Four roads we call customer service

Road 1: I can learn from you and make things better

Road 2: You’re an important customer and I can bring empathy and care to this moment to strengthen our relationship

Road 3: I can teach you something and make things better

Road 4: Go away

Now it begins to make sense. For example, if you call Hyatt’s 800 number, they’ll tell you that they’re not actually in contact with management. That all they can do is refer you to the front desk. They’re not there to learn anything from you.

If you call a company that puts you on hold for a long time, you’re on road 4. The organization has decided that you are a cost, not an asset.

Road 1 customer service is pretty rare. It tends to happen with very small organizations, and that’s one reason why companies appear callous and stuck when they get bigger. They don’t want to spend the resources to expose their decision-makers and creators to the people who actually use the product or service, so they build a moat around them. All they seek to learn is, “how cheap can we mollify customers?”

Road 2 and Road 3 can overlap. It’s entirely possible that the customer is upset or confused because they need training or insight or an explanation. By teaching them how to navigate their situation, you can improve satisfaction at the same time you rebuild a relationship.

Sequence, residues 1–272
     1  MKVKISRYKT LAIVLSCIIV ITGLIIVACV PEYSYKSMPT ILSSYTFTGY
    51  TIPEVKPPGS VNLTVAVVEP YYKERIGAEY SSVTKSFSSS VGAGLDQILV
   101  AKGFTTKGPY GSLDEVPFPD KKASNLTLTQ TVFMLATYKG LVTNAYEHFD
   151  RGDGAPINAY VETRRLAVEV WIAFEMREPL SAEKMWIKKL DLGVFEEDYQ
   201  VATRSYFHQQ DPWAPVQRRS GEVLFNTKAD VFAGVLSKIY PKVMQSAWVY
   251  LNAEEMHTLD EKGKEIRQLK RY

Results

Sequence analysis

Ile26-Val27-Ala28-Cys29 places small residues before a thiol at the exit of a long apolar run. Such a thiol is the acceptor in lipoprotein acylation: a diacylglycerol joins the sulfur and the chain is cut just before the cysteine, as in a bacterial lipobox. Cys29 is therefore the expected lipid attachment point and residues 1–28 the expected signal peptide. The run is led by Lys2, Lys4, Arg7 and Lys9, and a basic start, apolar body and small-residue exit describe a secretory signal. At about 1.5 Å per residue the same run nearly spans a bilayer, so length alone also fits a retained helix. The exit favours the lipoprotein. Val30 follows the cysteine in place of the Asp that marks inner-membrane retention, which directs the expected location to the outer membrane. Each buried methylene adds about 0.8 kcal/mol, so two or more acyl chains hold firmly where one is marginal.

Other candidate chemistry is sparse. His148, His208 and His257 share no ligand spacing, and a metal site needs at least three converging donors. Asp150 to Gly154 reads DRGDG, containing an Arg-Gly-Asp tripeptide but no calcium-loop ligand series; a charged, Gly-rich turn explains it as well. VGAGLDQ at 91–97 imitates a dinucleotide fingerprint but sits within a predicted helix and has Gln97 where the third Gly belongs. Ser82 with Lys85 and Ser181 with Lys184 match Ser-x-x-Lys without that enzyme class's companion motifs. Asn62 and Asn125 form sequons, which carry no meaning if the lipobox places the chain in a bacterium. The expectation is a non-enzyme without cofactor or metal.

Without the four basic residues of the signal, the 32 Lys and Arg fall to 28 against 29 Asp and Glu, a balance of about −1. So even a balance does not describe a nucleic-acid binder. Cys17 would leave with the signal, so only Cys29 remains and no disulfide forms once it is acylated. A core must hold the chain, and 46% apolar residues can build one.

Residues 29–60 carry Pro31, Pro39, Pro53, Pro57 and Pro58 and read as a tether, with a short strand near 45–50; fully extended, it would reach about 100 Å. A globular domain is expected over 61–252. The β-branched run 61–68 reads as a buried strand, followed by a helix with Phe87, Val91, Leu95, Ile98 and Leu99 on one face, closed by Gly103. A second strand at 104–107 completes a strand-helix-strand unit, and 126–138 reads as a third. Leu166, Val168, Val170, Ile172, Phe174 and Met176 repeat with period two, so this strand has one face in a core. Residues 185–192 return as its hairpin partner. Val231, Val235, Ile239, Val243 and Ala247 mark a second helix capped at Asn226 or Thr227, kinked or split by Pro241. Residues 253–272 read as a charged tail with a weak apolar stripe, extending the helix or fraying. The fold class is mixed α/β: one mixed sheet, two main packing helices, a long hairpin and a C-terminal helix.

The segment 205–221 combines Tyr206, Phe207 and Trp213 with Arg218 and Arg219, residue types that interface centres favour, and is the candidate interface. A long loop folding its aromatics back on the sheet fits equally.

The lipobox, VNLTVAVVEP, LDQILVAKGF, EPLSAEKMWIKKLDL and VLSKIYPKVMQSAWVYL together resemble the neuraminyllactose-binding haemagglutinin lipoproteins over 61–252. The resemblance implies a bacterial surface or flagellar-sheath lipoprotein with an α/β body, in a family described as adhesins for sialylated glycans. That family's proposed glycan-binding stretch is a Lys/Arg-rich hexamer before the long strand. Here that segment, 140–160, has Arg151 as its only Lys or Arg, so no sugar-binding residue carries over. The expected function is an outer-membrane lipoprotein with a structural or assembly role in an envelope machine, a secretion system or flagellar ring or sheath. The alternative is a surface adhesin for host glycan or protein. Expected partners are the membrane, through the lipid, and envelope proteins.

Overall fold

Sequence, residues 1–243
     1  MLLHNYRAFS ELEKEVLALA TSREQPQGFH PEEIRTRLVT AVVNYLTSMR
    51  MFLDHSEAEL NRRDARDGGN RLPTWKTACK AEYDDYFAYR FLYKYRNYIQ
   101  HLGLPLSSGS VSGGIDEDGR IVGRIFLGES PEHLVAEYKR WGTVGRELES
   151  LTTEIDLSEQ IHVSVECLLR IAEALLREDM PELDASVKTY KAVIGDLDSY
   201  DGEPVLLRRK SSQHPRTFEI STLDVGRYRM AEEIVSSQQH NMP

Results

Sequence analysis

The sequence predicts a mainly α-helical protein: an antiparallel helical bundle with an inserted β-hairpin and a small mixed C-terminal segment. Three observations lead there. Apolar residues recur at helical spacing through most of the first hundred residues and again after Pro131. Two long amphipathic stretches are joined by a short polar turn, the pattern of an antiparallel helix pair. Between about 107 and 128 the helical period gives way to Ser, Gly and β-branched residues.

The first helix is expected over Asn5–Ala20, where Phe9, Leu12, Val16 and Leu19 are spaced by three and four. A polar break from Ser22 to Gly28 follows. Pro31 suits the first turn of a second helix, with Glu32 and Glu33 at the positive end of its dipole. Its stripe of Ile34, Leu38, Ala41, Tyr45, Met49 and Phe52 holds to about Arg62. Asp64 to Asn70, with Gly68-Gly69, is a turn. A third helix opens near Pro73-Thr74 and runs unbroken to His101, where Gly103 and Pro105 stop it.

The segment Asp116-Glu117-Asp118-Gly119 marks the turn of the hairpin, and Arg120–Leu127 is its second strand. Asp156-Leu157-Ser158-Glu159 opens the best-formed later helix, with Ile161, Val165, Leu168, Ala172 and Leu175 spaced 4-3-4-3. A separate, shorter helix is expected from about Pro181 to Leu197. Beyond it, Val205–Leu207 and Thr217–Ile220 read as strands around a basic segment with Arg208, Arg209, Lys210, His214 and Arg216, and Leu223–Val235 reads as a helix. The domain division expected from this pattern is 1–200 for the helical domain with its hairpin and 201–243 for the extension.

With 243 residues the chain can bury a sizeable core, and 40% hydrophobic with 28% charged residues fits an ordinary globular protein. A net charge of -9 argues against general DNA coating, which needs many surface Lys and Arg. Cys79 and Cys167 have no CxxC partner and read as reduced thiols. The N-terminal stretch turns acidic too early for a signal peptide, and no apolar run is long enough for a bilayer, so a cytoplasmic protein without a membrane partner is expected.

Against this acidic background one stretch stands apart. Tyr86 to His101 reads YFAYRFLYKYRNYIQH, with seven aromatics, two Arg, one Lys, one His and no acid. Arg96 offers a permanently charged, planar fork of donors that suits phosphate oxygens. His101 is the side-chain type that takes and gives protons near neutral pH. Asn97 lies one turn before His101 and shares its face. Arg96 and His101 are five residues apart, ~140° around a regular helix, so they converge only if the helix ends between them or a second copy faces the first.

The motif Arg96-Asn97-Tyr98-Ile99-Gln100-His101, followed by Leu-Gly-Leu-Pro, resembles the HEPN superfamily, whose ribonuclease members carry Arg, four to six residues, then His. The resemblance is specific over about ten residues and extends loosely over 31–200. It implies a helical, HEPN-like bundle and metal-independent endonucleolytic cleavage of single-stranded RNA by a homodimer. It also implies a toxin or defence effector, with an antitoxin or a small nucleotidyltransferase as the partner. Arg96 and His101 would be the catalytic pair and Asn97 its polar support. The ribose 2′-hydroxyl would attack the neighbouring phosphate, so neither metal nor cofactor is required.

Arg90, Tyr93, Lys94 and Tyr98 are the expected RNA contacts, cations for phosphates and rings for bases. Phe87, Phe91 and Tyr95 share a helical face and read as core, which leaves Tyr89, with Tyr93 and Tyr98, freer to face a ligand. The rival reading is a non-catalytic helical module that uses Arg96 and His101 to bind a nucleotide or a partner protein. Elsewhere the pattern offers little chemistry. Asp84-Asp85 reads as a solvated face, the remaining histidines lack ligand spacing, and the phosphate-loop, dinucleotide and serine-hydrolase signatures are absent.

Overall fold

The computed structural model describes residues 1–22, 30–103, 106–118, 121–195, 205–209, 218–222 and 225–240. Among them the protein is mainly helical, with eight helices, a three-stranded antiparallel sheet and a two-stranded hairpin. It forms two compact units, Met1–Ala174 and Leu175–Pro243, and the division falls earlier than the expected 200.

Road 3 is often best done with the internet, with a manual, with a video. It’s a chance for the customer (who’s enrolled in getting their problem solved) to interact with a well-designed system that can teach them how to solve it. This can fall apart when the customer doesn’t actually want to learn, or worse, when the organization does a mediocre job of education.

Sometimes, though, the flight actually is cancelled, the software has a bug or the weather just isn’t what it needs to be. In that moment, education can help, but what matters more is clarity, respect and care. Most customers don’t actually expect miracles, but they certainly expect more than Road 4.

The harried commodity providers, the pawns in a monopolistic system that have chosen to race to the bottom, the airlines, the cable companies, the underfunded government agencies–all they have to offer is Road 4.

Go away.

If they had guts, they’d just say so.

If they had talent, they’d make you go away without actually being upset.

Instead, the on-hold industrial complex has created an endless maze, designed to sort through the slightly-annoyed and only serve the remaining truly-committed to getting to the bottom of it.

What a waste.

If you engage with customers, as a freelancer or as a public company CEO, pick your road. Be clear about what it’s worth and what it costs. And then do that.

The confusion about what you’re seeking to achieve helps no one.

[More on this in a previous episode of Akimbo.]